47. Snake - go back to 19

 

19. Set in the UK: The Bloody Chamber: And Other Stories by Angela Carter 18/04 Review

28. Written between 1900 and 1999: The Grand Sophy by Georgette Heyer 23/04 Review

36. Set in Central or South America: Too scattered for Amado, I read a short Bodoc for children and call it. Review

37. Has won an award: Started Ancillary Justice by Ann Leckie  05/01 Review

45. A book that has been on your tbr for more than one year: I counted so wrong before, but I was listening The Lathe of Heaven by Ursula K. Le Guin  while cleaning and cooking this weekend and still works. Will post review in a bit. Meanwhile

54. Is more than 400 pages long: Huh... well... I've got Our Mutual Friend by Charles Dickens on the dock. And Red Mars by Kim Stanley Robinson. Either ought to go over that...

Review
5 Stars
Hives, colonization, and what makes one rebel
Ancillary Justice - Ann Leckie

This was a ride and a half and I did not expect it to be this good or turn out this serious.

 

You know everything HAD to have gone to pot for the ship to end in one body, sure. I was ready for an action/adventure sci-fi romp, and in a way, it is that. What surprised me was how hard it goes into the social issues inherent in colonization, how it explores the notion of identity and how it can be more than one thing, going double for entities that work more like a hive. "I'm at war with myself" is a very psychological statement that seems to be a theme for many characters, and ultimately gets very literal in this sci-fi set up.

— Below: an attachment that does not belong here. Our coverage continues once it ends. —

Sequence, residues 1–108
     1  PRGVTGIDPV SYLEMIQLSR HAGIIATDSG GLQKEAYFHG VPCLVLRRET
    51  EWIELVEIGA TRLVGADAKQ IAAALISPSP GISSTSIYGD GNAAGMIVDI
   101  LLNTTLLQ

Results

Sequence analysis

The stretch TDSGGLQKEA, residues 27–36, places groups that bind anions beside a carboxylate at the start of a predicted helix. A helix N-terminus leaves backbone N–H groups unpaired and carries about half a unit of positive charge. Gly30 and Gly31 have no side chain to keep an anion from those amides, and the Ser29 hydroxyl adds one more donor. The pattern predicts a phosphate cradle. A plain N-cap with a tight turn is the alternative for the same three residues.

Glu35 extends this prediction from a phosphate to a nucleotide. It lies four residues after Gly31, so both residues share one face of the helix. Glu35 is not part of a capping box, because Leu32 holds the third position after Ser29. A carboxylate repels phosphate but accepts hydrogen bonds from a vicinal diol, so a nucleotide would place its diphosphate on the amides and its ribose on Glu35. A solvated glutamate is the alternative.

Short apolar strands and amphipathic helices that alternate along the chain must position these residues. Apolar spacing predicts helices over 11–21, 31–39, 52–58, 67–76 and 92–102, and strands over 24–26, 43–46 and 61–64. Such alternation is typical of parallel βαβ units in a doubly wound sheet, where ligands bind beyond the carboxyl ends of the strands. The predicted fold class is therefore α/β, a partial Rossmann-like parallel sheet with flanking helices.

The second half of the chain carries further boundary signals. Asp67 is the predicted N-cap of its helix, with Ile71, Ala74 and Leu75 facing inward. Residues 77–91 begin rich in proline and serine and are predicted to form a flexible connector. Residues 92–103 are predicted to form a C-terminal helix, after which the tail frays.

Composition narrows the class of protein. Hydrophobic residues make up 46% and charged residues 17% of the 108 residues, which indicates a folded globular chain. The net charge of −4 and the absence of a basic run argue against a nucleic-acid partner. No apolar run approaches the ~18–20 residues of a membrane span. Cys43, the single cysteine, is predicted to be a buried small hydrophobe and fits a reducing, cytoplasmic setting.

There is also the constant coming back to the duality system of belief, the idea that fate is as it's tossed, and so you might as well choose your step, one after the other (sounds a lot like Taoist beliefs to me, plus the idea of hitzusen). What I found interesting is how it delves into thoughts and intentions vs actions, and obliquely (or at least, what I took from the whole sample of characters) how in the moment of truth you don't know who will be that will make the selfless choice (because when it comes right down to it, sometimes people don't even realize it was the moment of truth till it passed), but also, that past choices define next ones, but not in the way one would suspect (because sometimes, the feel that you chose wrong might make you very, very set and vigilant to choose differently afterwards)...

 

Aaaand, yeah, I got right down philosophical. I think it was all that loooong interrupted chat between Toren and Anaander Mianaai. It made me go "oh, shit" in so may directions. Very interesting.

Review
3 Stars
It's foggy and rainy and this made me sad
Amigos por el Viento - Liliana Bodoc